South Africa


Thabo Masebe, an exemplary communicator who bridged the trust deficit

Thabo Masebe, the late spokesperson for Gauteng Provincial Government. (Photo: Gallo Images / Sharon Seretlo)

In the often strained space between politicians, journalists and the public, government communicator Thabo Masebe engendered trust by giving and earning respect in a career that traversed numerous political challenges.

During the Life Esidimeni arbitration, Thabo Masebe was the voice of the Gauteng government. The province had admitted liability for the deaths of 144 users of provincial mental healthcare and Masebe had to speak on its behalf as officials from the Gauteng Department of Health repeatedly denied culpability.

Masebe, the head of communications in Gauteng at the time, found himself at the centre of one of the province’s most painful moments. He didn’t shy away from the media, was open to engagement and direct in his responses  —  increasingly rare for government communicators.

Christine Nxumalo, the spokesperson for the Life Esidimeni family committee, recently contacted Masebe over concerns about mental healthcare users being moved from the Solomon Stix Morewa Memorial Hospital. She feared the Life Esidimeni tragedy was going to repeat itself.

“Thabo was sometimes too slow to respond and would have a smile plastered on his face, but when he responded it would be significant,” she said on Tuesday.

Masebe died on Monday, 18 April. He has been remembered as a hard-working, generous public servant who built trust and respect between the government and the media due to his commitment to honest and open engagement.

He emerged as a political activist in the ANC Youth League (ANCYL) in the then Northern Transvaal in the 1980s and was elected treasurer-general of the Young Lions in 1994. He played a significant role in the ANC’s 1999 election campaign.

He spent more than 20 years in the civil service in political communications, working as a spokesperson for former Gauteng premier Mbhazima Shilowa, deputy president Kgalema Motlanthe and Gauteng Premier David Makhura. At the time of his death, he was the acting director-general in the Gauteng government.

“He regarded the media not as an enemy,” Makhura told journalists outside Masebe’s Kempton Park home on Tuesday.

“He would always proceed from the premise that if we want to build trust with the public, we must be honest and frank. When government has gotten it wrong, we must always admit we’ve gotten it wrong.”

ANC Treasurer Paul Mashatile said Masebe was “diligent, selfless, hardworking”.

“He had the greatest respect for the media and journalists. I don’t think any one of you can say comrade Thabo treated you badly. He was always someone who had great respect for others.”

While Masebe was often confronted with difficult questions during his time as a spokesperson, he was readily available to provide nuanced information and explain the government’s position.

South African National Editors’ Forum chairperson Sbu Ngalwa said: “Mr Masebe was an incredible public servant, working closely with the media over the years. He shaped how government communication should be handled when it comes to the media. He was resolute and always ready to fairly engage with journalists.”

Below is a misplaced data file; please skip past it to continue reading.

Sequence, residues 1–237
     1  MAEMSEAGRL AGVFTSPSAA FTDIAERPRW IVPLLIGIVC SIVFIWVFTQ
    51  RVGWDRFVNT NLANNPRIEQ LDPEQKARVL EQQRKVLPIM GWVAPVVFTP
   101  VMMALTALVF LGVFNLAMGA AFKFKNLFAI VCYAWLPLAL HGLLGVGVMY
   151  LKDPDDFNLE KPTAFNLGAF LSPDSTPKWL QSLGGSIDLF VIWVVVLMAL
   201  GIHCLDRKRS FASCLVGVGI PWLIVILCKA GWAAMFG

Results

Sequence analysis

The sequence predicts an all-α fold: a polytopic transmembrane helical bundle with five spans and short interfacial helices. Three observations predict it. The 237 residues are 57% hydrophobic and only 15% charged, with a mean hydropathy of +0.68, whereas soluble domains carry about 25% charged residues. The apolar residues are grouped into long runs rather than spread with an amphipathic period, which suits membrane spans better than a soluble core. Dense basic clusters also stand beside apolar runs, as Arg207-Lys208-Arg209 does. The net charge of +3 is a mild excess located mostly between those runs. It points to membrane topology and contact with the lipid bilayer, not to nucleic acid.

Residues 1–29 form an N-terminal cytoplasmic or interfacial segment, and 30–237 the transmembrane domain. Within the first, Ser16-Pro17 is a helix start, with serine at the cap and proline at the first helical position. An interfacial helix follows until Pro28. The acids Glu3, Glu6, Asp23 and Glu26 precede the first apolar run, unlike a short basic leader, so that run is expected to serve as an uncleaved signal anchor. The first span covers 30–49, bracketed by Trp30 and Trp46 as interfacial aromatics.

In a tribute on Facebook, veteran presenter Rams Mabote recalled how Masebe gave him a scoop on his first day as a journalist, earning Mabote a front page at The Star. They developed a friendship over their two passions  —  golf and red wine.

“Thabo had the kakkest golf swing I ever saw, but that was his only handicap,” said Mabote.

“In a period of 25 years or so, he moved from being my source to fellow golfer and wine lover and briefly a colleague as a government communicator. But, most importantly, we grew a friendship and a brotherhood which I valued to his last day,” said Mabote.

“Rest in peace Thibos. You were a perfect gentleman, and I say this with no fear of contradiction.”

ANC spokesperson Pule Mabe said: “Masebe was a diligent, hard-working and consistent servant and leader of the people, never shy to speak his mind and to challenge any actions which undermined the cause of freedom and development of the people. 

“Throughout his life, he was committed to learning and self-development, building expertise and deep knowledge in whichever sphere he found himself.”

Masebe was respected across the political divide. In a tweet, the DA’s Makashule Gana called him “a great and humble human being”.

IFP Gauteng chairperson Bonginkosi Dhlamini said: “Mr Masebe had a refreshing candour about him and was always generous in sharing his wealth of knowledge about government communications. He remained ever humble and never took sides: he was always on the side of what was right for the people. He truly embodied the ‘Batho Pele’ principles.”

Six weeks ago, Masebe attended a picket outside Johannesburg’s Charlotte Maxeke Academic Hospital where demonstrators demanded the full reopening of the facility. He was the government’s sole representative. 

He admitted that corruption was an apparent factor in the hospital’s delayed reopening and made important commitments toward fixing the facility.

As usual, Masebe found himself speaking on behalf of his government amid another scandal. In a characteristic fashion, he was more honest and made more commitments than his colleagues. DM


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